My ancestors were not slaveholders. But my great-great-grandfather fought. He had federal troops coming into Norfolk. He said, ‘Nuh-uh, I’ve got to join the army and defend my home state.’

This is a quote taken from an article published yesterday in The Atlantic. The woman who made this statement, a white Southern lady who helps run one of the largest Confededate cemeteries in the nation, said it to the piece’s author: a Black man. She spoke to him politely and seemed bothered by the Sons of Confederate Veterans’ tendency to raucously shout neo-Confederate slogans every Memorial Day. And yet, in the same breath, she added:

I don’t mind that they come on Memorial Day and put Confederate flags on Confederate graves.

The cognitive dissonance described here – denouncing racism yet endorsing a racist symbol – is jarring, and also jarringly American. Nowhere can that be seen more clearly than in one particular area of Civil War remembrance: re-enactments.

I am firmly against Civil War re-enactments. I believe they are displays of ahistorical white supremacy which erases the sheer evil of slavery from Civil War narratives. They place white trauma at the forefront of remembrance, and glorify the deaths of teenagers who fought to keep a genocidal system in place.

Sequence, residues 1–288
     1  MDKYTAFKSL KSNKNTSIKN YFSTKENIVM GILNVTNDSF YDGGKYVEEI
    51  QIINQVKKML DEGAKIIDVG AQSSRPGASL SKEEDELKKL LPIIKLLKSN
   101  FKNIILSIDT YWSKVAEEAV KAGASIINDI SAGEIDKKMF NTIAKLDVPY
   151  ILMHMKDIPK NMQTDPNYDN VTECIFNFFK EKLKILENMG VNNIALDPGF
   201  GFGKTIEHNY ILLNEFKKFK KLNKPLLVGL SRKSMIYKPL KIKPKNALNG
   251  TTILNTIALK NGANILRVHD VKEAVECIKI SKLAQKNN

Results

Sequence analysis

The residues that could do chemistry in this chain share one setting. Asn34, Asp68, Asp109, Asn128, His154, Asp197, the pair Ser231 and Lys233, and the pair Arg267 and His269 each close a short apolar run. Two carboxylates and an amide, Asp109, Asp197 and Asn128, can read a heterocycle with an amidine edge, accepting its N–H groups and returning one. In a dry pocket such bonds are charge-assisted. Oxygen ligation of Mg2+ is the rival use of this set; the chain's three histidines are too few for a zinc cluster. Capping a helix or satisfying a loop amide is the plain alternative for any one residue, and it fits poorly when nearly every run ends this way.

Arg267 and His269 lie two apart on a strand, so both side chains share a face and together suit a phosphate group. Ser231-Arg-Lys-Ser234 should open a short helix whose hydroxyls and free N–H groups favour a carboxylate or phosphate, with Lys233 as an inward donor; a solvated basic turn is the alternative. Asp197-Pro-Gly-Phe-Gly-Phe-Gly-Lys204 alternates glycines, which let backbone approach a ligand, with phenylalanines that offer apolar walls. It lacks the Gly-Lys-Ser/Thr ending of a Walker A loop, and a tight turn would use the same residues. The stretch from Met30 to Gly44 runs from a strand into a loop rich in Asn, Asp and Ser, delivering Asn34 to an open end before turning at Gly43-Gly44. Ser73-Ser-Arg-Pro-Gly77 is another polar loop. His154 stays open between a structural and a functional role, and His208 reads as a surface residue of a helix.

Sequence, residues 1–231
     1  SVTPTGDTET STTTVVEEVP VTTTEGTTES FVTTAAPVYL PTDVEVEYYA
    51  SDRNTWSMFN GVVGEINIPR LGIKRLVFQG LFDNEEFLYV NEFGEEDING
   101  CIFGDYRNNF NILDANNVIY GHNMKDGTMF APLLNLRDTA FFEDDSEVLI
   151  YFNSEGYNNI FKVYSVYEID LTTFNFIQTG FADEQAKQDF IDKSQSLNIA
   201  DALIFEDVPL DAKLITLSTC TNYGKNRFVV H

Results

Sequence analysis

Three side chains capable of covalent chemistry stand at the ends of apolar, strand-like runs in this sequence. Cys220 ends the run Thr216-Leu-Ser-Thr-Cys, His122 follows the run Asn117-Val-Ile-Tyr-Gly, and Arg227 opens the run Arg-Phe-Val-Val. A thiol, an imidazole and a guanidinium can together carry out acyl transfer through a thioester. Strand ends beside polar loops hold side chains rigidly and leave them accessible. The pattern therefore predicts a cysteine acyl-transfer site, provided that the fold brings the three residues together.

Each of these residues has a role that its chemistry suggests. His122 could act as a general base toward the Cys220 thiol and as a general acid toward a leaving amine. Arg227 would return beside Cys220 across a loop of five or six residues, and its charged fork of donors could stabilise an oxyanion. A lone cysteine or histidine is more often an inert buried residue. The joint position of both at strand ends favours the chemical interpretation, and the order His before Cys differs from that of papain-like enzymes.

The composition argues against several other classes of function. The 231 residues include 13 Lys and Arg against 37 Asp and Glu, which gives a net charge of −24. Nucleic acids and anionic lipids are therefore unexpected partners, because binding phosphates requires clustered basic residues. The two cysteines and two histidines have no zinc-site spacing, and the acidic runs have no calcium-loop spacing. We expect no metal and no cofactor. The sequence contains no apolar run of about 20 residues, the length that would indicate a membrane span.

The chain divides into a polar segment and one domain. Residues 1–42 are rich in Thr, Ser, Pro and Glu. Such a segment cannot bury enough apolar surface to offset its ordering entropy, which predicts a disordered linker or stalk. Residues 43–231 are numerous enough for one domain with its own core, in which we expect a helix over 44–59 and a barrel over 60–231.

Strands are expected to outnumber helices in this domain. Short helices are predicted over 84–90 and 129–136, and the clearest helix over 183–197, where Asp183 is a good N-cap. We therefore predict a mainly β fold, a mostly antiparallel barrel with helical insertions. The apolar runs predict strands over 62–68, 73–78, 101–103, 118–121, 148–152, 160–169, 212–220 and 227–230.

But this wasn’t always the case. Once upon a time, I used to love them. At the height of my special interest in the Civil War, I viewed re-enactments as a wonderful way to step into the shoes of the oftentimes-young men who fought on both sides: a way to perhaps comprehend a little of what was going through their minds as they marched into battle. Nourished on a diet of Ken Burns and other white historians whose skewed perspectives I hadn’t registered yet, I organised an informal Civil War re-enactment at my high school for extra credit. We smacked at each other with pool noodles and played Capture the Flag under the guise of reenacting Antietam. I played Robert E Lee: something I will forever look upon with deep shame, but which seemed fine to me at the time thanks to the myth of Lee’s “antislavery” ideals. That Halloween, I dressed as a Union soldier, in a makeshift costume of jeans, a wool coat, a little leather purse, boots, and a blue kepi. The dry warmth of the Northern Californian fall made me sweat under my thick jacket, but I stubbornly kept it on, declaring I was Private Aditi from Pennsylvania (the state of my birth).